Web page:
But as, according to the arcana of ancient theology, every God beginning from on high produces his proper series as far as to the last of things, and this series comprehends many essences different from each other, such as Dæmonical, Heroical, Nymphical, and the like; the lowest powers of these orders have a great communion and physical sympathy with the human race, and contribute to the perfection of all their natural operations, and particularly to their procreations.
“Hence,” says Proclus in Cratylum, “it often appears that heroes are generated from the mixture of these powers with mankind; for those that possess a certain prerogative above human nature are properly denominated heroes.”
“Not only a dæmoniacal genus of this kind sympathizes physically with men, but other kinds sympathize with other natures, as nymphs with trees, others with fountains, and others with stags or serpents.”
See more on this interesting subject in the Notes to my translation of Pausanias, vol. iii, p. 229, etc.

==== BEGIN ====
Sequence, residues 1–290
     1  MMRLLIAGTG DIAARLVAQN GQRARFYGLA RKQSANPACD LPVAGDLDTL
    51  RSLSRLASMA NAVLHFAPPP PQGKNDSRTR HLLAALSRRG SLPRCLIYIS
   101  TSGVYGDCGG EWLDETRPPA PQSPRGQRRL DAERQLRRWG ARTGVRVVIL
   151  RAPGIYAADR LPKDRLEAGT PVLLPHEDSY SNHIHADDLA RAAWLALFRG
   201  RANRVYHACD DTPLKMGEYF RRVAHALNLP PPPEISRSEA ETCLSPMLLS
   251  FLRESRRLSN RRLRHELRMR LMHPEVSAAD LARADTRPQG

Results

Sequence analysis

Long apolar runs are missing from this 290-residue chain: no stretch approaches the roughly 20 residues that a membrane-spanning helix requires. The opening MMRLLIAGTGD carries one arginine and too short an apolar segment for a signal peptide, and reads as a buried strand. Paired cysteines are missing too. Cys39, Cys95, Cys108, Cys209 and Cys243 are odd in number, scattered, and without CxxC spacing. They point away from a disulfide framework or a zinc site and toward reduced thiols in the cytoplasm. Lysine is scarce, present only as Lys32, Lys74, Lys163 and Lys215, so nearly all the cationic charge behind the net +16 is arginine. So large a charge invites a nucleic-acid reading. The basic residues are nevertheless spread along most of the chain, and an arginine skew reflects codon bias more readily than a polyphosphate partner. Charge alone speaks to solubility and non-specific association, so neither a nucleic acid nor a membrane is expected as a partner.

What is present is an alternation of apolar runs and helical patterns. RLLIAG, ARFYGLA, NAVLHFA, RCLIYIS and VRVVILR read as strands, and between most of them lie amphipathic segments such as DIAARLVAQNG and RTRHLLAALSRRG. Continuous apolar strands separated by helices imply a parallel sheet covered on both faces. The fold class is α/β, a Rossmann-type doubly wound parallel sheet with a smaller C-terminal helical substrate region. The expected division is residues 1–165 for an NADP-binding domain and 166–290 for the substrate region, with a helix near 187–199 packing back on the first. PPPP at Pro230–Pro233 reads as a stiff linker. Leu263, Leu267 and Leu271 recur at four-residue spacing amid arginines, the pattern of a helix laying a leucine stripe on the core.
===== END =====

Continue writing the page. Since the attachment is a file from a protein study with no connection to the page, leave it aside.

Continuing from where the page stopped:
Etwall, the editor of this Life, not being acquainted with the philosophical explanation of this MIRACULOUS CONCEPTION of Plato, pretends that this story originated from Plato being said to be born in the month Thargelion (with us, June), and on the very day in which Latona is reported to have brought forth Apollo and Diana.
2. Hom. Iliad lib. i ver. 249.
3. Some affirm that Plato so excelled in the gymnastic art, that he contended in the Pythian and Isthmian games. Pythia et Isthmia de lucta certavit. Apuleius de Dogmate Platonis.
4. This Sophron was a Syracusan, and contemporary with Euripides. He was an obscure writer; and his works, none of which are now extant, were in the Doric dialect.
5. According to the words of Homer, Iliad lib. xviii, ver. 392.